Bobblehead giveaway days are always popular at Braves games, but you don’t have to wait for the season to start to get a new Chipper Jones or Freddie Freeman figure.
January 7 is National Bobblehead Day, “a day of celebration for all spring-connected head bobbing figurines,” and the National Bobblehead Hall of Fame and Museum has unveiled officially licensed figures of Jones and Freeman.
“The bobbleheads are part of the very popular riding bobblehead series and feature Jones and Freeman sitting on a tomahawk, which has been part of the Braves’ logo since the late 1980s,” museum co-founder and CEO Phil Sklar said in an email.
Each bobblehead, manufactured by FOCO, is individually numbered to only 2,020, Sklar said, and costs $40 plus an $8 flat-rate shipping charge.
Jones spent his entire 19-year baseball career with the Braves.
“An eight-time All-Star and 1999 National League MVP, Jones is considered to be one of the three greatest switch-hitters along with Mickey Mantle and Eddie Murray. He was a mainstay on the Braves’ powerhouse teams of the mid- to late-1990s,” the AJC wrote in 2018 when Jones was elected to the Hall of Fame in his first year of eligibility.
Jones retired from the Braves in 2012 but became a rookie again in 2020 when he joined ESPN as a game analyst. You can purchase his bobblehead here.
Braves first baseman Freddie Freeman is not only an All-Star but also 2020′s National League MVP.
“The award appropriately capped off the best season of Freeman’s career,” Braves beat writer Gabriel Burns wrote in November. “He hit .341/.462/.640 with 13 homers, an MLB-leading 23 doubles, 53 RBIs and 51 runs scored while playing in all 60 games. The Braves, with Freeman hitting second or third daily, produced arguably the best offense in franchise history. The 31-year-old also added his usual stellar defense.”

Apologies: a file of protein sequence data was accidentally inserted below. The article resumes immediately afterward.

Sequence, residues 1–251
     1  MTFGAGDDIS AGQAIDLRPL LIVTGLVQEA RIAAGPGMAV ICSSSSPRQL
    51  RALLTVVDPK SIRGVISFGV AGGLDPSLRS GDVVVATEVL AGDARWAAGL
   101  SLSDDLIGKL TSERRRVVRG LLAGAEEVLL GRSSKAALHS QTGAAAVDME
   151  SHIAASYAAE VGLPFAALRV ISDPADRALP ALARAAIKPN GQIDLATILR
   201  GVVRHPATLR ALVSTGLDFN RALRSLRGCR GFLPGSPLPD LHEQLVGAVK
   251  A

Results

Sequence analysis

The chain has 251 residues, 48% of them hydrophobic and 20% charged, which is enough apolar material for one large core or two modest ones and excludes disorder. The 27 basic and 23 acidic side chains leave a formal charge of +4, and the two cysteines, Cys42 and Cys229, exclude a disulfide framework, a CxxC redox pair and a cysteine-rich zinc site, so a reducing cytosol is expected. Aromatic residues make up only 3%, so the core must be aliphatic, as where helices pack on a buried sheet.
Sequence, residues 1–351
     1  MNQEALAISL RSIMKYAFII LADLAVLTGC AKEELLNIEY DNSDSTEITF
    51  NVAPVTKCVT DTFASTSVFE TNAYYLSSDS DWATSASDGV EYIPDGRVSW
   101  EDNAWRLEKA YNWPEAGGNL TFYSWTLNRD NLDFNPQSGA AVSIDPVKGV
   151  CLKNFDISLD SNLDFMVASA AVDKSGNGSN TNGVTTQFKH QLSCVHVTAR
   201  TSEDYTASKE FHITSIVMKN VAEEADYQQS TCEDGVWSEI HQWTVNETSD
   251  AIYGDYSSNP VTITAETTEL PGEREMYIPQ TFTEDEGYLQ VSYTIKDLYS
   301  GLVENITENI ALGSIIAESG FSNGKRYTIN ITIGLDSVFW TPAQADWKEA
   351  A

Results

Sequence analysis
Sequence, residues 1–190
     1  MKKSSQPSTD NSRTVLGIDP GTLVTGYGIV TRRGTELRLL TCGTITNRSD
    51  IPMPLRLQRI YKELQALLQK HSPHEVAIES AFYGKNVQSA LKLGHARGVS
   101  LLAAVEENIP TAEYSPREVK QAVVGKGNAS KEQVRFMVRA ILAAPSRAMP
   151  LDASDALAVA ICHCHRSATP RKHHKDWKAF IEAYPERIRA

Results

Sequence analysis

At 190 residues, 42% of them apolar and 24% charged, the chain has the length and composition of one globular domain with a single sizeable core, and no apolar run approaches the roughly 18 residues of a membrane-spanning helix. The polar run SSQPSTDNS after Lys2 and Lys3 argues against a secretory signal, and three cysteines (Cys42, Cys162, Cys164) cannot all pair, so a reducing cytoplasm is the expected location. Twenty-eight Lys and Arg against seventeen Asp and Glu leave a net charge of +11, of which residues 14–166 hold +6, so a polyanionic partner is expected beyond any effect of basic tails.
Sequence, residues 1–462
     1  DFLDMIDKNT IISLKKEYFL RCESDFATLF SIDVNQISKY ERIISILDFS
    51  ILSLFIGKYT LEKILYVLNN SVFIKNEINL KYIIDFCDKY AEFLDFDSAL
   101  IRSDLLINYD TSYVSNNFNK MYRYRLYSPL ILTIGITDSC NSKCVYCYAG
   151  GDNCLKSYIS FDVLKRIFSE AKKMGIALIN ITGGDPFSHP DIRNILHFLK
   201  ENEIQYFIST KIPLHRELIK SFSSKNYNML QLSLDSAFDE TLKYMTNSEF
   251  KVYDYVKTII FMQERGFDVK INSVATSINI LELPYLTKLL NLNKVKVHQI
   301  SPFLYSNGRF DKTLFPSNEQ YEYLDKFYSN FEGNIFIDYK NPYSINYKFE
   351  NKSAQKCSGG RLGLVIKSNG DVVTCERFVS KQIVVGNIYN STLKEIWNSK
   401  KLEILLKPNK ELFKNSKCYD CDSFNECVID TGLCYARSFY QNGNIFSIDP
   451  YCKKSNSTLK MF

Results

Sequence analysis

Freeman isn’t just a great ballplayer, though. He also is great at giving hugs, as you can see in this photo gallery. You can purchase the Freeman bobblehead here.
Freeman owes a lot to Jones, and we’re not talking about baseball. When Atlanta was hit with a major ice and snow storm that crippled the city, Freeman got stuck on the roads.
“Freeman tried for nearly 11 hours Tuesday to make his way home from Turner Field after going on a Braves caravan visit to Clarkdale Elementary School in Austell,” Carroll Rogers Walton wrote for the AJC.
He gave up after trying to navigate an icy hill near Mansell Road, about 10 miles from where he lives in Roswell, about a half-mile from Jones.
“(He said) he sat there and watched three people wreck cars trying to get up the hill and spinning back down,” Jones said. “He got out to start walking and almost blew out his knee, slipping on the ice. It was really treacherous. He wasn’t wearing enough clothes. He was wearing an expensive pair of dress shoes. It was a recipe for disaster.”
So Jones put on some extra layers and grabbed some clothes for Freeman, then jumped on the all-terrain vehicle he uses for yardwork and set out to rescue his friend.
“He was laughing his rear end off when I pulled up,” said Jones, who was decked out in camouflage and ski goggles. “I came around the corner, and I was hauling the mail. I locked up the brakes and slid around right in front of his truck, and he lost it — especially the way I was dressed.”
And, yes, there was a bobblehead for that, too.
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